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Jerry Willard
Guitarist & Lutenist

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The Complete Lute Suites of J. S. Bach. Transcribed for guitar by Jerry Willard. New York: Ariel Publications.

The Library of Guitar Classics.Volume I, AMSCO Publications. 1998

The Library of Guitar Classics.Volume II, AMSCO Publications. 1999

      All of us have felt at one time or another that it would be nice to have all the classics of the guitar repertoire at our fingertips in one neat volume. Wouldn't it be nice to not have to search through piles of music for that Sor study your working on? Wouldn't it be great to only have to take one book to your gig?Recently, Music Sales has thoughtfully released The Library of Guitar Classics, an intelligently arranged compendium of the most beloved works in the guitar repertoire. If the piece you are looking for is a timeless  classic, then chances are it will be found in this book. Greensleeves, Recuerdos de la Alhambra, Albeniz's Leyenda and Sevilla, and countless other favorites by Carcassi, Carulli, Giuliani, Sor, Tarrega, Bach, and Weiss are among the over 100 titles. The spiral binding allows you to keep the page open to the piece without fear of it closing on you right in the middle of a performance - the perfect gig book! (AM 92895) $19.95 Guitar Solo Publications, October 1995

Instruccion De Musica Sobre La Guitarra Espanola by Gaspar Sanz, 1674. Transcribing into modern notation, and a CD recording on the Baroque Guitar. This volume encompasses 58 pages and 67 compositions. To be released September 1999.

Ten Sonatas by Domenico Scarlatti. Transcribed for guitar by Jerry Willard. New York: AIG Publications. 1990.

Ten Sonatas by Domenico Scarlatti, edited by Jerry Willard. American International Guitar Publications. NY, USA. Many will recall the name of this editor from when he published his Bach Suite collection some years back. This Scarlatti collection is certainly along the same lines as the Bach although Willard does not include data concerning notation changes. I will identify the Sonatas by Longo number as they are given here. L23 begins "the" Scarlatti known to all and set in E major as per the clavier. I like the regular fingerings here, not too much has been changed, although the rather awkward modulation/pitch change around 53-54 is still not solved to my ears. L79 has appeared before but not in A major; this is a nice piece to play and works so well. We all followed Segovia putting the work in G and retuning but A major is just fine, only a small print error, page 5 last line, third bar, triplet ends on high E, not C. L263 is one of the "finds" in the volume; set in B minor, this piece has all the interest of a Bach Invention and yet retains a kind of Spanish-Italian flavour throughout. Scarlatti fans will go for this. L352 is the old E minor favourite of Segovia, here with a few new voice parts, no pizzicato (thankfully) and no use of inner strings for the falling intervals late in the work, very practical this. L395 is one of my all time favourites by Scarlatti....if anyone tells you that Scarlatti was not something extra special in music then let him try this for size. So inventive, so musical, tuneful and yet theoretically solid, this could easily (for me) end a concert. I like this better than the Barbosa-Lima version but I will try to avoid the harmonic added near the close for consistency. Likewise L454 is a good version, tuned in D bass, this allows a richer bass feel to the whole thing, much more so than the B-L version of the same; a big Sonata this, 4 pages of work but well worth it. L483 is in the home key of A major, no real news here, much of this is as other settings. L480 is in E minor and is another find by Willard, the whole thing works well, pedals at times in the bass and nothing unnatural, almost as though it had been written for guitar. L493 exists in a Universal Edition copy (UE29149 - four good Sonatas too) and the whole piece seems very guitaristic. A few interesting voice alterations make this unlike the Universal copy, maybe you could integrate the two versions, a really fine Sonata. I like Scarlatti on the guitar and so do many keyboard players, the way a guitar colours the voice parts is often more attractive and flattering. All of these are worth playing, no doubt, all will work, and the grading is between 6+ and recital level. The new Sonatas are worth exploring and some of the older updates now have a new lease of life here. The Brouwer/Gendai book also has good material as do all of the Universal series. In a way, this is like the Bach/Willard: everyman’s quick guide to Scarlatti and it does work well. In concert, these can sound good and worthy. The print is clear, fingering clear, ornaments written out and well presented. I am glad I have a copy . Particularly for the new items. If Scarlatti appeals to you get this. Neil Smith, Classical Guitar Reviews, 1990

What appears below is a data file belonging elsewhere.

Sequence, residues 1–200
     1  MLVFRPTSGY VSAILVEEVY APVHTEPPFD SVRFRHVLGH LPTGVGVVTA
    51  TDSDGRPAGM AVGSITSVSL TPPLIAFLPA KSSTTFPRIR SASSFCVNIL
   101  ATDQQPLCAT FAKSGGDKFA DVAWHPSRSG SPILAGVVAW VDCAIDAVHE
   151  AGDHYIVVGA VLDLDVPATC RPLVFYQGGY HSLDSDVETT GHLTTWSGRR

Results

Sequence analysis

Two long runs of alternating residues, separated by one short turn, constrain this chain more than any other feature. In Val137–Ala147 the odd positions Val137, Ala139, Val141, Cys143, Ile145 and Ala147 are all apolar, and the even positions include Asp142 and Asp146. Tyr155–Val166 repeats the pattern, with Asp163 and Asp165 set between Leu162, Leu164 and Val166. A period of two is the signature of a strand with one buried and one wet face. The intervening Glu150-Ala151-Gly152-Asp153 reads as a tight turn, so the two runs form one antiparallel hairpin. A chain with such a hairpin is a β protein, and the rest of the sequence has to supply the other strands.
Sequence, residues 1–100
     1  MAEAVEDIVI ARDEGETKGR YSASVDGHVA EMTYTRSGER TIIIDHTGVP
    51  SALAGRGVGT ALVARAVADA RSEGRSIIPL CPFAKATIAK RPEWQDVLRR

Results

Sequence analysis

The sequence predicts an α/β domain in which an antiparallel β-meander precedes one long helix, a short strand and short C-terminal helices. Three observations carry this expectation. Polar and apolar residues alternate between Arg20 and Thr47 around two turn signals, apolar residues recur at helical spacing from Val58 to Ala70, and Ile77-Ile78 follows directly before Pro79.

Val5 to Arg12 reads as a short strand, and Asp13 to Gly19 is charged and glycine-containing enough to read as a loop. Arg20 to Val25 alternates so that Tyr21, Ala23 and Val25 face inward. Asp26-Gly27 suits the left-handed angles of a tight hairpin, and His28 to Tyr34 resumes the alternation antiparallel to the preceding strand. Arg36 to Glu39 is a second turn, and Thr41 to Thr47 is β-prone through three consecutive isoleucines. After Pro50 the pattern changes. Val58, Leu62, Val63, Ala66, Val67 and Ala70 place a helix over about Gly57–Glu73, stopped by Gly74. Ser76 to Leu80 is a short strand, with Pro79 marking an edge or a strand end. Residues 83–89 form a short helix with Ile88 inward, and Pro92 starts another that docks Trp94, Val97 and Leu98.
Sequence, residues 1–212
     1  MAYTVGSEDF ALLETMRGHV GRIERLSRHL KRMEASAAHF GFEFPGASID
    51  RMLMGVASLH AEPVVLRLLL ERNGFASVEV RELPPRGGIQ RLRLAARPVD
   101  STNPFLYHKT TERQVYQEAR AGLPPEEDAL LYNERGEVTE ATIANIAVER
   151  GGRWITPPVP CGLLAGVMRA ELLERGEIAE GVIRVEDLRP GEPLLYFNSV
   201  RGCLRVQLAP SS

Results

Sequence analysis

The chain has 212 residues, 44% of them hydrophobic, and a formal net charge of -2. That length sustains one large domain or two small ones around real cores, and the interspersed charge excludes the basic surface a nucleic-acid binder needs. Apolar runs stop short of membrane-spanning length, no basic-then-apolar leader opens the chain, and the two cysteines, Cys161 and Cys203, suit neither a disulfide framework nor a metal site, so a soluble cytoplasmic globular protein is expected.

Fifty Classical Guitar Solos. Jerry Willard, ed. New York: AMSCO Publications. 1990.

Christmas Music for Guitar and Flute. Arrangements by Jerry Willard. New York: AMSCO Publications. 1988.

Sonata in F Major for Recorder and Guitar by G. F. Handel. Continuo realised by Jerry Willard. New York: Ariel Publications. 1981.

Sonata in G Minor for Recorder and Guitar by J. B. Loeillet. Continuo realised by Jerry Willard. New York: Ariel Publications. 1981.

Sonata in C Major for Recorder and Guitar by G. Telemann. Continuo realised by Jerry Willard. New York: Ariel Publications. 1981.

Bach Inventions for Guitar Duet. Transcribed for two guitars by Jerry Willard. New York: Ariel Publications. 1980.